GM: And with screen printing the process of the reproduction is also an art, and you’re working with your hands, rather than doing everything on a computer.
Emily: And I should be better at digital stuff and technology, but my thing is pretty analog. Which is kind of nice, because though having a lot of scale digitally can be really useful, sometimes I think that a lot of styles start to look the same when they’re overly processed, so I try to keep mine a little more raw.
GM: So what brought you to Boston five years ago?
Emily: I had to get out of Michigan, and my sister was living here, and I also had a friend who said “you can stay with me”- so I moved out here and lived in a corner of his living room and I’ve been here ever since.
GM: Do you have a day job or are you a full time artist?
Emily: I do. I work right up the street at Lincoln School where I teach at extended day. I do a lot of art with fourth and fifth graders; it’s super fun. One of my favorite things to do with them is experiment with different types of printmaking, even something as small as making stamps on the ends of corks. I try to go crazy and get as weird as possible with them and explore easy, different modes of printmaking with the kids.
GM: Do you ever make anything in the classroom that you end up finishing at home and selling?
Emily: Yes, I definitely do. I started doing linoleum block printing with kids and then went home and started doing my own rubber stamps. Or even different motifs that the kids come up with. I was doing a little stamping project and this kid took out black paper and white ink and started doing all this moon stuff, and I was like, “oh my god this looks so cool,” and I basically copied her. Sometimes doing art is a hard sell to kids because they equate doing art with art class where it’s an assignment, versus a space where they can just run free.
GM: Do you think Boston is a good place to live as a working artist?
Emily: I would say yes and no. I feel like in other cities there is just a higher population of working artists or creative people. On the other hand, because it’s a lower percentage of people who would call themselves artist, you can build more of a niche for yourself. When I was in Portland I kind of knew that the city did not need me. I mean, there were people with mobile screen printing trucks. They were so far ahead in so many ways as far as people making it as creatives and finding their niche. Portland is really inspirational, but in Boston people have approached me because I’m a screen printer and asked me to do a job for them. Because you’re not flooded with people doing this thing. People putting together events will also find me on Etsy. Verses a place where everyone is doing it and you have to claw your way up. I’m also not adept at self promotion, so I do kind of wait for people to come to me- which is my downfall, but I’m also fine with it. And being able to promote yourself as an artist is a totally different skill set from being an artist. And I put all of my time and energy into my favorite part which is just making the art.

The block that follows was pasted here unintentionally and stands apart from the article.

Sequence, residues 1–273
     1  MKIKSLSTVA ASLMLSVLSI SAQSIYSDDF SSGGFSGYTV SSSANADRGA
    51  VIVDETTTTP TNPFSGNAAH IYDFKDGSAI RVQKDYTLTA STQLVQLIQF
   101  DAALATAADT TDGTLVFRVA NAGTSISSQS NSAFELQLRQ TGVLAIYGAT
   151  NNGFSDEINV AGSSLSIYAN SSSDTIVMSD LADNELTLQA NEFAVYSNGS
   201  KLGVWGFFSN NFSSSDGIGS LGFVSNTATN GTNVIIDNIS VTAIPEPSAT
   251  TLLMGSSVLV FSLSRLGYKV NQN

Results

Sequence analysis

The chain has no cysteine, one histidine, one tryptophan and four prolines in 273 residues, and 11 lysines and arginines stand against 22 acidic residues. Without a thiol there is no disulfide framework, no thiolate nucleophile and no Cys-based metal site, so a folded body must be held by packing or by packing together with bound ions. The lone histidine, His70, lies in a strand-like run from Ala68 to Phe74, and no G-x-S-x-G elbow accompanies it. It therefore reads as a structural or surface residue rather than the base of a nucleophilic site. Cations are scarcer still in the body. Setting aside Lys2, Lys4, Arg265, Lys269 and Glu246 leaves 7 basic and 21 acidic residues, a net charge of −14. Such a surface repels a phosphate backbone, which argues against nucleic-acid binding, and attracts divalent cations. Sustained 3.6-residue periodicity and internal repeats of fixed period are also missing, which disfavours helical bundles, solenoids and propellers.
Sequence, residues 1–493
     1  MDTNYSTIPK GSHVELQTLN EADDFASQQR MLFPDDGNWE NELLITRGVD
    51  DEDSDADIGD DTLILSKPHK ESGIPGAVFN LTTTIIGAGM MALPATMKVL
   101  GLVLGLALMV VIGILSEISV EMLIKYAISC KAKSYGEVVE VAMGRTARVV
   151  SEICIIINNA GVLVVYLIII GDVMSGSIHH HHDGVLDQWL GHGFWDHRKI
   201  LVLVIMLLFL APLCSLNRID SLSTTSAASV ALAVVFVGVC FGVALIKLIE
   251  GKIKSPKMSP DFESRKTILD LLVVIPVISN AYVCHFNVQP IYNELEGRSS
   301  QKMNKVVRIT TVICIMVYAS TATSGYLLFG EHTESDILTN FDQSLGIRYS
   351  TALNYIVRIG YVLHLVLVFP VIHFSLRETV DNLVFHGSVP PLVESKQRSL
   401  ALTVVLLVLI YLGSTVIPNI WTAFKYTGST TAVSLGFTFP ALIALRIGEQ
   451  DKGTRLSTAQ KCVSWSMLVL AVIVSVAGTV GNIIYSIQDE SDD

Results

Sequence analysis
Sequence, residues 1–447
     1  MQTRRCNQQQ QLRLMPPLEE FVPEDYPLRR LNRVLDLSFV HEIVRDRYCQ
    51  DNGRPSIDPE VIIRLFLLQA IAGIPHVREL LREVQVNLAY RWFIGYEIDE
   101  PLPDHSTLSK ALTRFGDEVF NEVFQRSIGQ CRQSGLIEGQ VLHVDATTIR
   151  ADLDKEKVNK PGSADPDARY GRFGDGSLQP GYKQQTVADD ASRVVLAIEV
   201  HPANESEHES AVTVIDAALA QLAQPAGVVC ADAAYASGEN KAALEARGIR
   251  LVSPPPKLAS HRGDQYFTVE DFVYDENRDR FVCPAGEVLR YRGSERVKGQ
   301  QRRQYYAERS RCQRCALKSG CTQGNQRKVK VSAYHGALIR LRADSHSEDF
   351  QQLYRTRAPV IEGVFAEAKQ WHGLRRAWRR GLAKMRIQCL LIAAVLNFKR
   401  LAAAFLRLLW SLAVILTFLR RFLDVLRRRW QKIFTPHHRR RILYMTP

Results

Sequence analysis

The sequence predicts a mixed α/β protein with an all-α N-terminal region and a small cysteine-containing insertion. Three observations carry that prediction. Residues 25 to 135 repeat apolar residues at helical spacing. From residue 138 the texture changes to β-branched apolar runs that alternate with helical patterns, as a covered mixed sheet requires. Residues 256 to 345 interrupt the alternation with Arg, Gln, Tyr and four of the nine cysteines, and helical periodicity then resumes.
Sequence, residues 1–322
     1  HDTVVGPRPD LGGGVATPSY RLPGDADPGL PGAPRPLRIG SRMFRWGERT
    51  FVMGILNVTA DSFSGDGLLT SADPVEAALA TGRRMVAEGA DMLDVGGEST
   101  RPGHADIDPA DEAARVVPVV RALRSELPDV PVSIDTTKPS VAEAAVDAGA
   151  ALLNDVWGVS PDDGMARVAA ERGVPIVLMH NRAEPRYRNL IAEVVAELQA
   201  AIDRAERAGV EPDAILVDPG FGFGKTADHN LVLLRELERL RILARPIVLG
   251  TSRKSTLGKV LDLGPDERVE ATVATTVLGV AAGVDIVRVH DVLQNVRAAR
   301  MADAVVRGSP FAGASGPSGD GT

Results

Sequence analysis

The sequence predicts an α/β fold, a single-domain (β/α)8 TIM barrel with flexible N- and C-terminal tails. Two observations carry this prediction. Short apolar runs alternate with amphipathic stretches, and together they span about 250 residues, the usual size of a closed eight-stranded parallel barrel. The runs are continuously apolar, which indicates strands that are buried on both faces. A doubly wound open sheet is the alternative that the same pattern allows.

GM: Is it hard for you to find time to make art?
Emily: That, I would say, is my other biggest struggle aside from self promotion. It is hard- balancing the work I do to get paid, plus time to make art, but also time for your social life. And I’m definitely not a loner, I’m pretty social; I need to spend a lot of time with friends. It’s definitely hard to balance, but I always come back to it. Deadlines keep me on track. And I like to remind myself that it is the most important thing to me, because that’s why I don’t have a full time, solid career job. I generally work pretty part time to make time for art. Even when I got out of college I was so afraid that I would be one of these people who works full time and then comes home and then is too tired to make art. And I could never do that. But luckily I’ve been out of school for ten years and it hasn’t happened, so I feel like I’ve avoided that. Which has absolutely been a worthwhile sacrifice.
GM: Do you hope you’ll be able to transition to being a full time artist?
Emily: Yeah, I do hope that. It’s funny because I spend so much time wishing that I could do that, but I do still like to think of art as something that I’m getting away with. I like to have a day job for something to complain about. I never want art to be the thing I complain about. I like that it’s an escape rather than something I have to do to pay the bills. There are also so many artists or writers who had standard careers so that they could be as weird as they wanted in their art. They didn’t have to do their creative endeavor to pay the bills, and the fact that they were freed from that is what allowed them to be experimental. So that’s what I like to remind myself of when I’m in the depths of “Why can’t I be a full time artist?!”
And sometimes when I have taken on freelance jobs, they have just ended up stressing me out because everything has to be perfect. But, of course, I still want it all.